ADHD: Should we medicate our children?
By: Adrian Galltier
He was the boy all the other kids thought was annoying; the boy who jumped into pools with his clothes on and impulsively lit things on fire. He was a boy with a suffering self-esteem from adults berating him on his behavior throughout the day. He was the boy who spent four years in jail because he couldn’t stop himself in time. He was the boy that took a knife to his throat at the age of twenty three because he just couldn’t live with himself anymore. What if this boy’s parents had heard differently about ADHD medications? What if they had been informed of the benefits of the drugs instead of being offered a list of warnings? What if they were to look into the future and see the trauma, anguish and horrid behavior that would be let loose onto their family? Would they have chosen treatment for their child?
If back then they chose to have their son swallow a few little pills a day, maybe this is what his life would be like: He was the boy all the other kids wanted to play with…the boy who sat for hours building with blocks and reading his favorite books. He was a boy enjoying a great self-esteem from adults congratulating him on his accomplishments throughout the day. He was the boy who spent four years at the University of Denver because he wanted to stay close to home and family. He was the boy that took a knife to his wedding cake because he just couldn’t live without her anymore. If you had a child with ADHD what life would you want him to have?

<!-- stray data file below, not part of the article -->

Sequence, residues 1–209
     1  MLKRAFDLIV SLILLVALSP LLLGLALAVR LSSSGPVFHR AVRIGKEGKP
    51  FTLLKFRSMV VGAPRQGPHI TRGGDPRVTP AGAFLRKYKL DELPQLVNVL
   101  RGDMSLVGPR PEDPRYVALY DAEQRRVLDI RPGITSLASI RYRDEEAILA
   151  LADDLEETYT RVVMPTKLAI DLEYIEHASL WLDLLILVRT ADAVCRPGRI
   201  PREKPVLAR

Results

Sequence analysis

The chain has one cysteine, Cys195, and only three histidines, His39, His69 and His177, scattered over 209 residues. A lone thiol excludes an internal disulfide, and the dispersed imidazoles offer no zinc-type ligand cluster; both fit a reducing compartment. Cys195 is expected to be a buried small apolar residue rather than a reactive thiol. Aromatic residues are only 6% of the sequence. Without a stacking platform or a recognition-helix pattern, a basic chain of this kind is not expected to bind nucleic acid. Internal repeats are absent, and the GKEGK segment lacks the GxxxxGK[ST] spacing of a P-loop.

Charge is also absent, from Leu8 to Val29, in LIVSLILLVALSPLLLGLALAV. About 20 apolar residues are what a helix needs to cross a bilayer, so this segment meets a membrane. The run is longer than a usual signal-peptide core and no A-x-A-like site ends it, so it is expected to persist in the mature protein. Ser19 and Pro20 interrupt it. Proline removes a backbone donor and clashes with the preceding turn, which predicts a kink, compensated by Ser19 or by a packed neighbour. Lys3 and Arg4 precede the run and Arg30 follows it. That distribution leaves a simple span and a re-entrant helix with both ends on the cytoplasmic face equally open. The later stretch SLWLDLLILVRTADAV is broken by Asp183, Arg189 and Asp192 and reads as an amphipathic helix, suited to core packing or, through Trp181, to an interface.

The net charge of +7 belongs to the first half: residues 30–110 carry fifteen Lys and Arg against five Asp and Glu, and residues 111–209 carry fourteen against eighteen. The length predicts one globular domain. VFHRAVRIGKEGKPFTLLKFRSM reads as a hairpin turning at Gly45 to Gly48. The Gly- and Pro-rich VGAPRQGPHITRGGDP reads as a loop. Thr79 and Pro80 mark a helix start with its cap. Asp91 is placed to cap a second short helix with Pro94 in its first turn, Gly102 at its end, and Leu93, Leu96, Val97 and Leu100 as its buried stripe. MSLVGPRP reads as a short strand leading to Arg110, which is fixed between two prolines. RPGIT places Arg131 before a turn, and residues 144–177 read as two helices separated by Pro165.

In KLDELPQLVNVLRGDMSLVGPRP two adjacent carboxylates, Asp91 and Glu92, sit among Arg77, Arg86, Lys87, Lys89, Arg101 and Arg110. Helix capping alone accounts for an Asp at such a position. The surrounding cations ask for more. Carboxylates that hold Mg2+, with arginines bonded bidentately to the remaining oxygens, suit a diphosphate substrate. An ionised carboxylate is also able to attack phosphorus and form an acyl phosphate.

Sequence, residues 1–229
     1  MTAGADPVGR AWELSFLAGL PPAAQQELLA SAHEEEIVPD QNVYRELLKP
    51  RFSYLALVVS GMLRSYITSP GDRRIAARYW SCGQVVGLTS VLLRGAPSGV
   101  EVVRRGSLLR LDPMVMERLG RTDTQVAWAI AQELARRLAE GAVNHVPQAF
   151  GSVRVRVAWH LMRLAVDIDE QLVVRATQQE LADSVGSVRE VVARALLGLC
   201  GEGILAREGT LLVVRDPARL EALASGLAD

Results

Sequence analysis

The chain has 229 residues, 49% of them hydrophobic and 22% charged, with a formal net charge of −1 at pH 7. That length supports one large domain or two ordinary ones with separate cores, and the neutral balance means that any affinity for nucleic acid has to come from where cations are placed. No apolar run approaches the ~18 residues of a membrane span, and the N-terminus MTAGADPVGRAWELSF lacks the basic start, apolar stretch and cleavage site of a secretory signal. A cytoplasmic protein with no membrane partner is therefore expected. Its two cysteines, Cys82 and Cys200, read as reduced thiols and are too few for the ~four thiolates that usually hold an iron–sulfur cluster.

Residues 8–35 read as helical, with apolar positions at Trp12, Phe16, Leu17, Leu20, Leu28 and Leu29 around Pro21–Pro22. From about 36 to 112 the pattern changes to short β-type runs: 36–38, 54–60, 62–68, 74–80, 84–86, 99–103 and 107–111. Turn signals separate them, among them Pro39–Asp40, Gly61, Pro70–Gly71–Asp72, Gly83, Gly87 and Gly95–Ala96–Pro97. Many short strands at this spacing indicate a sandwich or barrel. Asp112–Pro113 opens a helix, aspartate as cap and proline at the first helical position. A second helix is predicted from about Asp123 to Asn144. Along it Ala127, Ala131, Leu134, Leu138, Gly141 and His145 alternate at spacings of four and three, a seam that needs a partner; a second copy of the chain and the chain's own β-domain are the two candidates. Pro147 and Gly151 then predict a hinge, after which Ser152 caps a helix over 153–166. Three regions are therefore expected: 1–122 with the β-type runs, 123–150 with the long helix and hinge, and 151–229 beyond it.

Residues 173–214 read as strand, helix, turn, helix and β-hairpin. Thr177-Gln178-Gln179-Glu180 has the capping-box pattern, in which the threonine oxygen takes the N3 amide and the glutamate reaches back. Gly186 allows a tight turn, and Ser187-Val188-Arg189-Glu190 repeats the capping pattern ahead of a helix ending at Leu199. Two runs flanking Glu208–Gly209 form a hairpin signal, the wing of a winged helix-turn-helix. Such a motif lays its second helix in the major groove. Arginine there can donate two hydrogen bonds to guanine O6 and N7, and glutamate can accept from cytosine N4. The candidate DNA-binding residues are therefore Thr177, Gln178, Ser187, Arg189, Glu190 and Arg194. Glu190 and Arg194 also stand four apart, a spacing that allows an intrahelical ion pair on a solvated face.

Attention Deficit Hyperactivity Disorder (ADHD) is a common childhood disorder that often persists into adulthood. There are three subtypes of ADHD. Subtype one is predominantly hyper and impulsive. To be in this subtype you must have six or more of your symptoms in the hyper and impulsive category and fewer than six in the inattention category. For example if you noticed your child jumps into pools with his clothes on but can tell you exactly what happened in the movie he just saw, he would be in this category. In subtype two people are predominantly inattentive. They exhibit fewer than six impulsive and hyper behaviors and six or more signs of inattention. If your child is spaced out all the time and seems like he gets distracted by everything, even when you’re talking close to his face, he would be in this category. Children in this subtype often don’t have as many behavior challenges as in subtype one, but they can be overlooked by teachers and parents and thought of as underperforming or unintelligent.. Subtype three is a combination of subtype one and two. Your child jumps into pools while also being clueless as to what he just watched on TV. This is the type of ADHD most children have. There is no cure for ADHD but there is treatment. Treatment can lead to productive lives in school and in the outside world (“Attention Deficit”).